Disasters do not just happen.
They take place when two key factors merge: 1) a human population with its long evolved customary way of living and 2) a potentially destructive agent that is part of a total ecological system, including all natural, modified, and constructed features.
Sometimes disasters strike with the sudden impact of an earthquake or oil spill. At other times they accumulate over extended periods of time with the slow progression of drought or toxic exposure. Often they arise from what are deemed “natural” characteristics of environment. Upon other occasion they issue from human-manufactured cause. In whatever manner they arrive, abrupt or subtle, environmental or human created source, disasters are all-encompassing occurrences. In their wake they sweep across every aspect of human life: environmental, biological, and socio-cultural.
“By failing to understand the cultural context of disasters,” states anthropologist Dr. Susanna Hoffman, “and how that culture interacts with its physical surroundings, both disaster preparation and response fail to deliver the comprehension of what led to the calamity as well as the actions necessary to resolve the upheaval and forestall future events. As a result, a singular disaster can turn into an enduring calamity and preclude the mitigation of the next catastrophe”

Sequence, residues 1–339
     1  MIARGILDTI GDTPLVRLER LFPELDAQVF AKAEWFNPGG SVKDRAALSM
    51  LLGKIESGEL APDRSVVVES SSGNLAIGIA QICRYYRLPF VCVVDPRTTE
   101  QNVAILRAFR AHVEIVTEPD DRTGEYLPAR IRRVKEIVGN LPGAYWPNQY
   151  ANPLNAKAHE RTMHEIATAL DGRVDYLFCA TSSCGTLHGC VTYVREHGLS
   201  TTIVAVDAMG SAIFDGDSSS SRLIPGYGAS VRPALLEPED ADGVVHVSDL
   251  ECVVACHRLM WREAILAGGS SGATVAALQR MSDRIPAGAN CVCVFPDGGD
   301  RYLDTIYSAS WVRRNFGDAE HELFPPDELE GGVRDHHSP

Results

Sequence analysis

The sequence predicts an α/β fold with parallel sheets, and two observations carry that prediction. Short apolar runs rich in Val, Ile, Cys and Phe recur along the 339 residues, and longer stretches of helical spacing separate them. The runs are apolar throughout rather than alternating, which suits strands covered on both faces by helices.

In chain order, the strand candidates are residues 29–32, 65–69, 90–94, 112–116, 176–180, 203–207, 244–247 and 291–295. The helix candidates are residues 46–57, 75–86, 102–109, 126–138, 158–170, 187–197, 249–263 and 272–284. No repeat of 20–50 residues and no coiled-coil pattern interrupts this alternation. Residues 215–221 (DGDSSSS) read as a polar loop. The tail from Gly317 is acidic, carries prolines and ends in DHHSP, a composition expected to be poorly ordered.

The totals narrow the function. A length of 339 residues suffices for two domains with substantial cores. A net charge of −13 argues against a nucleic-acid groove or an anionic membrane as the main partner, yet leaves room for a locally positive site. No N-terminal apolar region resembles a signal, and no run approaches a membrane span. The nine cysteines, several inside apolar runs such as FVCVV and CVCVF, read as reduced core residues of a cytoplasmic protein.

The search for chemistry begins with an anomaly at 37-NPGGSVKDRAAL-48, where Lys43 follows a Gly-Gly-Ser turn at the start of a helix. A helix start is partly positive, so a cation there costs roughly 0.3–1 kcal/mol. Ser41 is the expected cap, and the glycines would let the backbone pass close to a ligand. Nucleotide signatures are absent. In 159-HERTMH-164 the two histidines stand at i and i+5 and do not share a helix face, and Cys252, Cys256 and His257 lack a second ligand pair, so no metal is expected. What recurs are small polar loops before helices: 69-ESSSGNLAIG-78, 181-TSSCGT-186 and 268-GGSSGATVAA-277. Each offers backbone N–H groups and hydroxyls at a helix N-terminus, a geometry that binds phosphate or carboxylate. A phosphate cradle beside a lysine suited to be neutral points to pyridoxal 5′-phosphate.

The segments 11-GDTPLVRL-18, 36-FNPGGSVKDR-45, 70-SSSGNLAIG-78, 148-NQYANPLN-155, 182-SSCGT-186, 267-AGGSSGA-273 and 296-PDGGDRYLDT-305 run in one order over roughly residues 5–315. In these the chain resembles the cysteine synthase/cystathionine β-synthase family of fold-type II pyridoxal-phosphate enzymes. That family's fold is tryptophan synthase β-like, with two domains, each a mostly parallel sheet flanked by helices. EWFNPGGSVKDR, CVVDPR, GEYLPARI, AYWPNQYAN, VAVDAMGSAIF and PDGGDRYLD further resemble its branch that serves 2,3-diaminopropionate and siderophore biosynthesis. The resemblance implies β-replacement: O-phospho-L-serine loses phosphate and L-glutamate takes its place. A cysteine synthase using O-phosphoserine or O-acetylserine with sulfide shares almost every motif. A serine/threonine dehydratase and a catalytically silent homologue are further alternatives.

Dr. Hoffman is an internationally recognized expert in disasters. Utilizing the multi-faceted approach of anthropology, she strives to answer the questions of “why” and “how” disasters occur. She reveals the accumulated knowledge of populations, their social structures, their use and perception of the environment, their calculation of risk, their historical coping mechanism, and the factors that have brought about their vulnerability. Cultural understanding also takes into account the political and economic factors of the effected population and increases the opportunity to provide solutions for disaster preparedness and survival.
Dr Hoffman has worked on disaster issues worldwide including: the United States, Greece, Turkey, Uzbekistan, Kazakhstan, Indonesia, India, and Central America. She consults on disaster response and preparedness as well as on the critical determinants of the calamities. She assists in instructing, coordinating and advising governments, community factions, aid organizations, and academicians. Her body of work encompasses natural disasters, such as volcanic eruptions, firestorms, earthquakes, droughts, tornados, hurricanes, and floods, and technological ones such as meltdowns, chemical leakages, explosions, and contamination. She advises on issues of response to catastrophes as well as the actions that can mitigate the consequences and reoccurrence of events. She further deals with the immediate aid necessary in all disaster scenarios and the crucial long-term reconstruction that follows.